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How Does Basler's (ETR:BSL) P/E Compare To Its Industry, After Its Big Share Price Gain?

Simply Wall St

Basler (ETR:BSL) shares have continued recent momentum with a 33% gain in the last month alone. The full year gain of 21% is pretty reasonable, too.

All else being equal, a sharp share price increase should make a stock less attractive to potential investors. In the long term, share prices tend to follow earnings per share, but in the short term prices bounce around in response to short term factors (which are not always obvious). So some would prefer to hold off buying when there is a lot of optimism towards a stock. One way to gauge market expectations of a stock is to look at its Price to Earnings Ratio (PE Ratio). A high P/E implies that investors have high expectations of what a company can achieve compared to a company with a low P/E ratio.

See our latest analysis for Basler

How Does Basler's P/E Ratio Compare To Its Peers?

We can tell from its P/E ratio of 61.54 that there is some investor optimism about Basler. As you can see below, Basler has a higher P/E than the average company (24.3) in the electronic industry.

XTRA:BSL Price Estimation Relative to Market, November 24th 2019

Its relatively high P/E ratio indicates that Basler shareholders think it will perform better than other companies in its industry classification. The market is optimistic about the future, but that doesn't guarantee future growth. So investors should always consider the P/E ratio alongside other factors, such as whether company directors have been buying shares.

How Growth Rates Impact P/E Ratios

Generally speaking the rate of earnings growth has a profound impact on a company's P/E multiple. That's because companies that grow earnings per share quickly will rapidly increase the 'E' in the equation. And in that case, the P/E ratio itself will drop rather quickly. A lower P/E should indicate the stock is cheap relative to others -- and that may attract buyers.

Basler saw earnings per share decrease by 52% last year. But it has grown its earnings per share by 8.6% per year over the last three years.

Remember: P/E Ratios Don't Consider The Balance Sheet

It's important to note that the P/E ratio considers the market capitalization, not the enterprise value. In other words, it does not consider any debt or cash that the company may have on the balance sheet. Hypothetically, a company could reduce its future P/E ratio by spending its cash (or taking on debt) to achieve higher earnings.

Spending on growth might be good or bad a few years later, but the point is that the P/E ratio does not account for the option (or lack thereof).

Is Debt Impacting Basler's P/E?

The extra options and safety that comes with Basler's €14m net cash position means that it deserves a higher P/E than it would if it had a lot of net debt.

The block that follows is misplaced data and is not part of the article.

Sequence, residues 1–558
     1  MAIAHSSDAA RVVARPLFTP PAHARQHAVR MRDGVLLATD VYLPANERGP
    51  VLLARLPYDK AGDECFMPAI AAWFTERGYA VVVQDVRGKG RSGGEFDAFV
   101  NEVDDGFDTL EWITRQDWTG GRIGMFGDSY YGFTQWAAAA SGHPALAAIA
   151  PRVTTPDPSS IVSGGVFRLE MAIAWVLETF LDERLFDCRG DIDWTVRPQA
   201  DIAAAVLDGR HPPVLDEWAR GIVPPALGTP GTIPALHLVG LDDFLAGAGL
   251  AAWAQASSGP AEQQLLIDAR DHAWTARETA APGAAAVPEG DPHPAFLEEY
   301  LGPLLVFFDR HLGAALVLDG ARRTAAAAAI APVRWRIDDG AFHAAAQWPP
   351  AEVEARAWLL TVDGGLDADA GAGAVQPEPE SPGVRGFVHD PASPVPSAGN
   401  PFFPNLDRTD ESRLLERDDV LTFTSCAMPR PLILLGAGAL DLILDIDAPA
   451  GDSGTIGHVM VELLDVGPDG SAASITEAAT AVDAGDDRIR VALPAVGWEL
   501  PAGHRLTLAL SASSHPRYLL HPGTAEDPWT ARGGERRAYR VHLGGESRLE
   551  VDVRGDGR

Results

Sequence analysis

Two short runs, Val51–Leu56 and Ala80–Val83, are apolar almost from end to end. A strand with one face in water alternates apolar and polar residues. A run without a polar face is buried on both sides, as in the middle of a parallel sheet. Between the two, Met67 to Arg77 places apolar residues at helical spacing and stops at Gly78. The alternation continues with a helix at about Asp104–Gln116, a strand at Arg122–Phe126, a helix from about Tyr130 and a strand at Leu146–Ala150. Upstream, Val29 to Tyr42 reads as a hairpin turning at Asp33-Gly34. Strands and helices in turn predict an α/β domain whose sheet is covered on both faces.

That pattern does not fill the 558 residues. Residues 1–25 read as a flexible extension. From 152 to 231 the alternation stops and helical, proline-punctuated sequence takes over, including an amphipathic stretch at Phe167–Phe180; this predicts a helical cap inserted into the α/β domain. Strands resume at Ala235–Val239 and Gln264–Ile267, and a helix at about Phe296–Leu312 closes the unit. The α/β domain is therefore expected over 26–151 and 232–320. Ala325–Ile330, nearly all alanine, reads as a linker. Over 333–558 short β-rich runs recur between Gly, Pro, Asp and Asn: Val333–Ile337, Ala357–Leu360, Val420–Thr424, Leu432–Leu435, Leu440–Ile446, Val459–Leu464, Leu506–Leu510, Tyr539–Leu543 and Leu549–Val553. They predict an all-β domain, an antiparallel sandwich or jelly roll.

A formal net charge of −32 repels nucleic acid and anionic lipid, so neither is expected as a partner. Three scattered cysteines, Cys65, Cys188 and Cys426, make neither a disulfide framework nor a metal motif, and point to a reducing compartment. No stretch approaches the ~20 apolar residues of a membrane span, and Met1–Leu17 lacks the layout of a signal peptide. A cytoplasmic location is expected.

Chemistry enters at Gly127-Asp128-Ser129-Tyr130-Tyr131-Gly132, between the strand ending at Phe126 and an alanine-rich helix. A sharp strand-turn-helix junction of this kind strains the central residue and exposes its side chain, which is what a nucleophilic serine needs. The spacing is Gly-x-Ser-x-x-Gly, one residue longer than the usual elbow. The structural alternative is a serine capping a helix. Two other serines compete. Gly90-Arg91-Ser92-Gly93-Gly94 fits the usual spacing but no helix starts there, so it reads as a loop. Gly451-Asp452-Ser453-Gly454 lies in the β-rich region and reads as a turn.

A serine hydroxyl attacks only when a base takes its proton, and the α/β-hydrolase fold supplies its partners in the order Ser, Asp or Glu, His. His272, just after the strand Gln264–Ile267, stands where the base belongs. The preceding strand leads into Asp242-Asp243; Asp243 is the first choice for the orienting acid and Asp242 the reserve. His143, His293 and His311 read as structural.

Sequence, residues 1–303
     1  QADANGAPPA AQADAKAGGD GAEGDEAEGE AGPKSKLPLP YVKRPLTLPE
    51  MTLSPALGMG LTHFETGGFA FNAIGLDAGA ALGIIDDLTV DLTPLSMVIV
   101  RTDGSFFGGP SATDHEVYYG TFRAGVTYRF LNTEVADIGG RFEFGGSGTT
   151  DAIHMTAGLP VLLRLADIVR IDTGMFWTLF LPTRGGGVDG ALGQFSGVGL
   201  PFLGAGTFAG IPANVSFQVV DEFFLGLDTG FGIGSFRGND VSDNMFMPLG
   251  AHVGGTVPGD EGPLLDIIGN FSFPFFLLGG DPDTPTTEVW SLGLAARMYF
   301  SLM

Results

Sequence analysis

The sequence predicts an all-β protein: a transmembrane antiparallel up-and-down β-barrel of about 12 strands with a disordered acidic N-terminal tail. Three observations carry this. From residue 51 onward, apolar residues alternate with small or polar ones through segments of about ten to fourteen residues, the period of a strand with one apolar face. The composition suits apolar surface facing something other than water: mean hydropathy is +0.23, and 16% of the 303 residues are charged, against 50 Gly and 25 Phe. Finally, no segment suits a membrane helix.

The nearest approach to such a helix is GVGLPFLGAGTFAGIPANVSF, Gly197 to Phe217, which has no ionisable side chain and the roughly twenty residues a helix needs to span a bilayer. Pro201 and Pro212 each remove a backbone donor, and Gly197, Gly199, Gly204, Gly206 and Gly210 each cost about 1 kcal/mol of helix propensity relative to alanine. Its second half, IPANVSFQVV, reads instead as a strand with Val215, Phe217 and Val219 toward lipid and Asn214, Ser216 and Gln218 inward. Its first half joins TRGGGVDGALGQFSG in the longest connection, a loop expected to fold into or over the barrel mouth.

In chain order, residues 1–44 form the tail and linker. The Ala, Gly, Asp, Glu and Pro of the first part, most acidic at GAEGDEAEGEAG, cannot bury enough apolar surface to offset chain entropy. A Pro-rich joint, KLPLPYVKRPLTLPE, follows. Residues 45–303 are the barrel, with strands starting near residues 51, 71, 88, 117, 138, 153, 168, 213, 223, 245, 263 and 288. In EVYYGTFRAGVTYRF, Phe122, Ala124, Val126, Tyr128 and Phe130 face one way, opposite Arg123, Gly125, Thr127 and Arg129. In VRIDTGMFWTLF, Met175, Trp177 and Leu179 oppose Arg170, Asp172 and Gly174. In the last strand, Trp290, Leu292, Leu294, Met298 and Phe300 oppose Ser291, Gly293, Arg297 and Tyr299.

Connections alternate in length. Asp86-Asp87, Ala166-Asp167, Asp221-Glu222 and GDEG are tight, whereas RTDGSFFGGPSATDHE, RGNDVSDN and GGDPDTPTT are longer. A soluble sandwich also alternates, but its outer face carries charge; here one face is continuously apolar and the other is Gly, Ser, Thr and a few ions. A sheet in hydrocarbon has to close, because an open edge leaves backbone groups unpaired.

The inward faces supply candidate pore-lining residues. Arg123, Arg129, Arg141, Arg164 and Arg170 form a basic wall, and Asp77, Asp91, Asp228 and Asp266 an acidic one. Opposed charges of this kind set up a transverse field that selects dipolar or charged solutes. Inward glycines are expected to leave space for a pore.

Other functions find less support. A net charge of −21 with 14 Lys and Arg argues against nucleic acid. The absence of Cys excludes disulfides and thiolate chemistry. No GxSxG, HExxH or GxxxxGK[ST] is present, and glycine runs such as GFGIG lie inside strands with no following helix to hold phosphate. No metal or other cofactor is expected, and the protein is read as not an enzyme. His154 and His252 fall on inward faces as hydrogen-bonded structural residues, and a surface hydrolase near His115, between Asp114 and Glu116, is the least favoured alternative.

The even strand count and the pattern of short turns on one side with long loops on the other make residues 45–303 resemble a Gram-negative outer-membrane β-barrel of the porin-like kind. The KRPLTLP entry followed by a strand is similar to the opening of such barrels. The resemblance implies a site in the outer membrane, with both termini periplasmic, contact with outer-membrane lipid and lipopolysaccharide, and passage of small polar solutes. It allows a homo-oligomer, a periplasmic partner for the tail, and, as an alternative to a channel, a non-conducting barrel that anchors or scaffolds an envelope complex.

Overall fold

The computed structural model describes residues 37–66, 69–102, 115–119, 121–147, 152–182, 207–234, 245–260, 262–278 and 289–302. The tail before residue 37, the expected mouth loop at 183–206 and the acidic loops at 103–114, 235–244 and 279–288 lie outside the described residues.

The Verdict On Basler's P/E Ratio

Basler's P/E is 61.5 which suggests the market is more focussed on the future opportunity rather than the current level of earnings. The recent drop in earnings per share might keep value investors away, but the healthy balance sheet means the company retains potential for future growth. If fails to eventuate, the current high P/E could prove to be temporary, as the share price falls. What we know for sure is that investors have become much more excited about Basler recently, since they have pushed its P/E ratio from 46.3 to 61.5 over the last month. If you like to buy stocks that have recently impressed the market, then this one might be a candidate; but if you prefer to invest when there is 'blood in the streets', then you may feel the opportunity has passed.

When the market is wrong about a stock, it gives savvy investors an opportunity. As value investor Benjamin Graham famously said, 'In the short run, the market is a voting machine but in the long run, it is a weighing machine. So this free visualization of the analyst consensus on future earnings could help you make the right decision about whether to buy, sell, or hold.

Of course, you might find a fantastic investment by looking at a few good candidates. So take a peek at this free list of companies with modest (or no) debt, trading on a P/E below 20.

If you spot an error that warrants correction, please contact the editor at editorial-team@simplywallst.com. This article by Simply Wall St is general in nature. It does not constitute a recommendation to buy or sell any stock, and does not take account of your objectives, or your financial situation. Simply Wall St has no position in the stocks mentioned.

We aim to bring you long-term focused research analysis driven by fundamental data. Note that our analysis may not factor in the latest price-sensitive company announcements or qualitative material. Thank you for reading.